When the Characters Whisper

MinaflareWhat does one do when the characters no longer want to obey? Are we their gods, or merely their scribes, sketching their stories as they see fit? I have been master of my universes, but these three stragglers no longer follow my script.

I have attempted to keep to my mystery, hoping for happy endings. But there are sisters now, and they love him, both, in different ways. They tug and pull, and there is a tragedy, inevitably waiting to happen. Even still, I see a hundred twists toward joy, a thousand to unquenchable sorrow. In some, the mystery is the catalyst. In others, the characters whisper to forget the main line, because there is love and passion, eroticism and magic to be had.

They wish to play, drink too much, and awaken in the nude.

“But there is the matter of the child,” I say.
“He never existed,” she says. “It was madness. You must help her accept her reality.”

It cannot be. This cannot be chimera. My lead is a simple man, with dreams of Bogart, of sleepy childhood nights under the open sky. He is not the fixer of madness. And she, the first, loves him too dearly. But does she love her sister more? Would she cut off her leg to save a sibling whose own leg had been severed?

“She would,” they whisper.

So, now I sit, confused. I see their stories in my dreams. This book, I have written entirely in my head. The scenes are acted out before me. Their lovemaking rocks me; it is indelicate and I refuse to write it down.

“These are not the stories I write,” I complain.
“They are not your stories,” she says. “They are ours. We are more than you believe.”

I must walk now and take in the sun. They have begun to twist and I do not know how to follow. A simple love story is all I wanted. But now there is another one, a sister, good and true. She is wounded; he is a rescuer.

I fear they are not pure of heart. But I am not the bearer of negativity. I do not scribe eroticism, or red weddings, or the ramblings of a dishonored brood. The people clamor for those stories … but they are too easy to write. I can sweep the table of those you love, and let the shock pass for brilliance. I can allow the hearts to break and the lives to ruin. They can twist; they can.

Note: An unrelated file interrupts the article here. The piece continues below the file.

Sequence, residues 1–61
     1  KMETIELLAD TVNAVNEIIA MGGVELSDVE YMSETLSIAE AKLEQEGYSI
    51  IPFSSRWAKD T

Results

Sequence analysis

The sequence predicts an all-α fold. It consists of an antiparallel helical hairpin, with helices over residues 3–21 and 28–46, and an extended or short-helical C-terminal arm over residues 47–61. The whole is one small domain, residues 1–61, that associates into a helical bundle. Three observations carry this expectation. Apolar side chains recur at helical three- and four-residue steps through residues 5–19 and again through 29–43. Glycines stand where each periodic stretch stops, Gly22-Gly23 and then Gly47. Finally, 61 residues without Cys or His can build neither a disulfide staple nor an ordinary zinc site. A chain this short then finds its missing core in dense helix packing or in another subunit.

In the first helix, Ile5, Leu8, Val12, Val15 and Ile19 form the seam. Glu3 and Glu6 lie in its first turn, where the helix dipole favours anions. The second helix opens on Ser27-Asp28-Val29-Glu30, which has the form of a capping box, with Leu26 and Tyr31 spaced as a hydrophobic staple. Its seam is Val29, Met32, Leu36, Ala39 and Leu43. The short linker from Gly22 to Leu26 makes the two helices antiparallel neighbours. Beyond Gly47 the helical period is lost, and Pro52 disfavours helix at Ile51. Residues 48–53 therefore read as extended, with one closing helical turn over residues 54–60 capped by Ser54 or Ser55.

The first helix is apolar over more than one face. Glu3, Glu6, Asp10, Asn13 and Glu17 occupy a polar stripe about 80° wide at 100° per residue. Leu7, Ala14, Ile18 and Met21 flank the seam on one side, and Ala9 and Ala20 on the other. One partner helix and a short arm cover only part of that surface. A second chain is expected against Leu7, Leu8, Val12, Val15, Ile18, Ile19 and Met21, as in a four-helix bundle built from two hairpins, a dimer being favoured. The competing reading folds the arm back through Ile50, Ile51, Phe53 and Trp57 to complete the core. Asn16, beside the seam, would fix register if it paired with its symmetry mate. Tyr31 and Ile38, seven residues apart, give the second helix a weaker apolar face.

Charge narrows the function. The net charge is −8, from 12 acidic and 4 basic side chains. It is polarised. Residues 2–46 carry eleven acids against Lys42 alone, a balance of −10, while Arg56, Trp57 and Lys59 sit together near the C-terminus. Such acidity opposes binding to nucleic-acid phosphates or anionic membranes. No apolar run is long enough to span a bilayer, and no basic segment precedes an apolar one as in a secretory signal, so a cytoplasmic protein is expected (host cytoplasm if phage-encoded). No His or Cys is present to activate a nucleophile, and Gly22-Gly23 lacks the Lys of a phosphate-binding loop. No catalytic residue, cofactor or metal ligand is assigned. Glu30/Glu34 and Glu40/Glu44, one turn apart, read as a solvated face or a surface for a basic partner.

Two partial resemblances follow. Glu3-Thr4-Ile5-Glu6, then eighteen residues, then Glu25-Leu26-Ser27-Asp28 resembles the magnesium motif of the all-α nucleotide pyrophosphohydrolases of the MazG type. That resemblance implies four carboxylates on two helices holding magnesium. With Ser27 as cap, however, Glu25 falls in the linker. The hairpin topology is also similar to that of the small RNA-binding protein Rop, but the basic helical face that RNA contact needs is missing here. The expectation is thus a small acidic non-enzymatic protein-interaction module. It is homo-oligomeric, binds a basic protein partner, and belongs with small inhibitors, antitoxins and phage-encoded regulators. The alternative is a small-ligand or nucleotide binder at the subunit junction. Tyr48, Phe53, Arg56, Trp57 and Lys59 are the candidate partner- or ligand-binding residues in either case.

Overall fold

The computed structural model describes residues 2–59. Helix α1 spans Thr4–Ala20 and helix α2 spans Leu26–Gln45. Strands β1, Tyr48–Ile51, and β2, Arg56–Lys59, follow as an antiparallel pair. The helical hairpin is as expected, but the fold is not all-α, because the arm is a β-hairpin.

But how to keep them from breaking? That is the real writing. That is the genius I seek, but never master. How do I allow them to break, but never shatter?

“She needs him or I will lose them both,” says the first sister.
“Then she must have him,” I concede. “But it will ruin you.”
“Then I shall be not the tree, but the grass. I shall bend, but will not break.

I resign myself to their fate. But I feel the twists are beyond me. They do not fit on the web or in a story of this size. The words are strong and heady, and this is a vessel built for dainty drinks with pink umbrella prose.

But even still, I see her, naked, wet, demanding he watch, and promising him she will never allow him to touch her. I wonder if they know that is the magic that shall trap him, and break them both.

Some books you hate to write. Perhaps it is time to stop. I do not like this wandering; the ink is spilling all over the page and now, my hands are filthy.

7 thoughts on “When the Characters Whisper

  1. Carissa says:

    You know, my husband likes movies with happy endings. “The clench” he calls it. For instance, he hated the ending of “Good Will Hunting” just because he didn’t see “the clench.” Odd, I thought. He’s going for the girl, right? Still there’s a little bit of, “is he too late?” Will it work out? What if she’s found another?

    I found the ending satisfying, but I like nuance, ambiguity, and even heartbreak, if it serves the story. Do what you must, but why not give it a go?

    1. Bill Jones, Jr. says:

      Not all my romances end happily. In fact, the first one I wrote, a short story, ended in insanity and heartache. As I lay in bed this morning, trying not to get up, the entire 3-scene ending played out before me. Now I know how it ends.

      I guess I’m resigned to it. They won’t shut up in my head. Writing is nothing more that socially accepted madness.

  2. Ishaiya says:

    I am proud of you, this is awesome, a great synopsis if I might suggest. It encapsulates the excitement of the story that is spilling forth from you and still flowing through you. You are an extraordinary writer, with a lyricism that makes me smile from head to toe. How did they not get that?

      1. Ishaiya says:

        Reading it had me giggling like an excited child. I love it when you write in this way, it’s like you take the lid off and let the creative flow come crashing through you like a surge of water. Man you’re good! I’m so lucky 🙂

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